Unusual case: Foot hair removal turns septic, lands Vietnamese woman in hospital

Picture courtesy of Sanook

A 19 year old Vietnamese woman faced a distressing ordeal when an attempt to pluck out foot hair resulted in a severe infection. Hospitalised for nearly two weeks, she endured a high fever and inflammation, with her left foot turning red and her toes festering.

Dr Le Van Thieu from the National Hospital for Tropical Diseases in Hanoi provided insight into why the Vietnamese woman’s seemingly innocuous act of hair removal led to such a major complication.

Dr Thieu’s team encountered an uncommon infection case involving a Vietnamese teenager residing in Hanoi. Suffering from a high fever of over 39 degrees Celsius, she presented with a red and inflamed left foot, along with festering toes. Through careful questioning, it was revealed that the malaise had started shortly after the Vietnamese woman attempted to pluck hairs from her toes, leading to rapid inflammation and swelling. Her deteriorating condition necessitated immediate hospital admission.

The doctor explained that hair removal can inadvertently damage the body’s natural defences, creating openings for bacteria, particularly Staphylococcus Aureus, to invade. This type of bacteria resides on the skin and is known to cause infections in humans, as reported by Sanook. In this instance, it triggered cellulitis, an inflammation of the tissue cells in the entire left foot of the Vietnamese woman. She was promptly administered antibacterial treatment upon hospitalisation, but her shocking ordeal is expected to last for one to two weeks.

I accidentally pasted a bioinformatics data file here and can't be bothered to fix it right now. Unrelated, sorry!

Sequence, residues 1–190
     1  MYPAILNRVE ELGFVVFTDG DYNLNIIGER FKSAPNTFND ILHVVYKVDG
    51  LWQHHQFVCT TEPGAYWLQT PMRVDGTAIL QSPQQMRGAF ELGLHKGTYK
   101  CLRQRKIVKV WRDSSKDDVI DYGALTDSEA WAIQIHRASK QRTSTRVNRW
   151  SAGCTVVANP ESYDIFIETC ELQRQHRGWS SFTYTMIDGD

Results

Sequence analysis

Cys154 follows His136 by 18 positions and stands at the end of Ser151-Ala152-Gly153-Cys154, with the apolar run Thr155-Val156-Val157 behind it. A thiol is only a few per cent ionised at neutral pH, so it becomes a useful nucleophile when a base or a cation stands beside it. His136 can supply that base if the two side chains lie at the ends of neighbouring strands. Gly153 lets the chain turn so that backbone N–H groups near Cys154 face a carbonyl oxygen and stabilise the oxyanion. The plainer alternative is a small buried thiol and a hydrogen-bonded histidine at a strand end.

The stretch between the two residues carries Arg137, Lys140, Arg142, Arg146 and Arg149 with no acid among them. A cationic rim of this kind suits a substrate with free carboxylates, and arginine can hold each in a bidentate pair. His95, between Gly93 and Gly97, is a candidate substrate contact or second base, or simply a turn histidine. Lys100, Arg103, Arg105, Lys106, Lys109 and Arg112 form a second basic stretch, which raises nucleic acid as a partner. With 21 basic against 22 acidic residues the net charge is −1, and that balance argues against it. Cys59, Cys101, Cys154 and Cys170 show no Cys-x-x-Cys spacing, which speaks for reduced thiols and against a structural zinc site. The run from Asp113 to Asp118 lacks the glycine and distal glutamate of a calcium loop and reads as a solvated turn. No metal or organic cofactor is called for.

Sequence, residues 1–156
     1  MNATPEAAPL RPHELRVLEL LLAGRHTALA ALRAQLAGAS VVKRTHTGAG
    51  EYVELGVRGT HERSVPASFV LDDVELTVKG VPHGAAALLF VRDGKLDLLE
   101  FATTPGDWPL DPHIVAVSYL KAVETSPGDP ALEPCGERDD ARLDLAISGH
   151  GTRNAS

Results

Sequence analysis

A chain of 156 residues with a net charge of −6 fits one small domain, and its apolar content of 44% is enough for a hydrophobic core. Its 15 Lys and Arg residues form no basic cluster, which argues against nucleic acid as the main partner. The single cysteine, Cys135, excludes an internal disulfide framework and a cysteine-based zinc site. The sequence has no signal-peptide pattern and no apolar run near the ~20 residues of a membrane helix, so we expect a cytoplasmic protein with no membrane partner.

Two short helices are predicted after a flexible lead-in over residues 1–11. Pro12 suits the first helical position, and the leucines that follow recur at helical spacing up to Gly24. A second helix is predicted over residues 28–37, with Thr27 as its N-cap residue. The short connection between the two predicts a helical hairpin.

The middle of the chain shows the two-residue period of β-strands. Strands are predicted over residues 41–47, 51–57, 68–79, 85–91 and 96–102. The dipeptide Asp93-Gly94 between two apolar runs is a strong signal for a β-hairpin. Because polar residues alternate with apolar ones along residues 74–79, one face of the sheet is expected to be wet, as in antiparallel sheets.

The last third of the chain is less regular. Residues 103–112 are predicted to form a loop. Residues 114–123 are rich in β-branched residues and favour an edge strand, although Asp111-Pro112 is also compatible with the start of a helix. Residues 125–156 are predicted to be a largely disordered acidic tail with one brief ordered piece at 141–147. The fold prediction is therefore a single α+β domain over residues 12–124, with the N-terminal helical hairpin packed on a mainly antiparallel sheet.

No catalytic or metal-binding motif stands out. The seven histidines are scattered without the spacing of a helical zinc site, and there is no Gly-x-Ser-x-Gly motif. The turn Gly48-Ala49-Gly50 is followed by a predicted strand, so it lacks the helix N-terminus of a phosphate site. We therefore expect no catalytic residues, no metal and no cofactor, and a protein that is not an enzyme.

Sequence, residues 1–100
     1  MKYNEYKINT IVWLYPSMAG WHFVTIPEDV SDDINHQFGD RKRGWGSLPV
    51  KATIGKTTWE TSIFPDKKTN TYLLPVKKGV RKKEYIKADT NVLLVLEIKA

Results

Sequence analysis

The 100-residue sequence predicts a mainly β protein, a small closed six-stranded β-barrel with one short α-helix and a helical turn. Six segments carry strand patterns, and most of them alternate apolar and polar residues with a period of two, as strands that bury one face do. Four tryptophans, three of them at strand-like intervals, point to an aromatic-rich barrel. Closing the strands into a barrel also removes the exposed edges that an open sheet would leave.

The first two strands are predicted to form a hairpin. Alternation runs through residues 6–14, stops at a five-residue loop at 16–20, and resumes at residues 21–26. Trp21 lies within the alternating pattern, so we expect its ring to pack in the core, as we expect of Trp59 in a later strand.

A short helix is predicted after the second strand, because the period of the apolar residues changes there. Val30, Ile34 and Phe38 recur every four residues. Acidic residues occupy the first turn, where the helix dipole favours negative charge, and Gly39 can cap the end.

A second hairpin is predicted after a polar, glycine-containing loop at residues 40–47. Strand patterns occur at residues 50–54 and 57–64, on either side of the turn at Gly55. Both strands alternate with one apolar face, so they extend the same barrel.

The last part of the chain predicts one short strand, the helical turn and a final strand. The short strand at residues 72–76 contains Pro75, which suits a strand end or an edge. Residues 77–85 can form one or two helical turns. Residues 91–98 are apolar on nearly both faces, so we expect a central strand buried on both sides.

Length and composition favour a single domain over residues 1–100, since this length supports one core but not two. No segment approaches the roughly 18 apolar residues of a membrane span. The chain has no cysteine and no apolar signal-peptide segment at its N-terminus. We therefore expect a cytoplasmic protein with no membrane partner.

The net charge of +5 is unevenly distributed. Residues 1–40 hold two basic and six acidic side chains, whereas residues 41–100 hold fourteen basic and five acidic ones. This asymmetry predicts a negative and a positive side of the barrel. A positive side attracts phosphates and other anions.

Staphylococcus Aureus is typically transmitted through droplets from coughs and sneezes or contact with personal items of an infected individual. Once on the skin, the bacteria can enter the body through even minor open wounds. In this unfortunate case, the act of hair removal caused skin injuries, providing an entry point for the bacteria to invade and cause tissue inflammation.

Health authorities in Nakhon Ratchasima recently issued a warning about melioidosis, also known as “soil fever.” This infectious disease, predominantly found in soil, paddy fields, farmlands, vegetable plots, rubber plantations, and ponds, can pose serious health risks. It serves as a reminder of the potential dangers lurking in our environment. To read more click HERE

World News

Samantha Rose

Samantha was a successful freelance journalist who worked with international news organisations before joining Thaiger. With a Bachelor's degree in Journalism from London, her global perspective on news and current affairs is influenced by her days in the UK, Singapore, and across Thailand. She now covers general stories related to Thailand.

Related Articles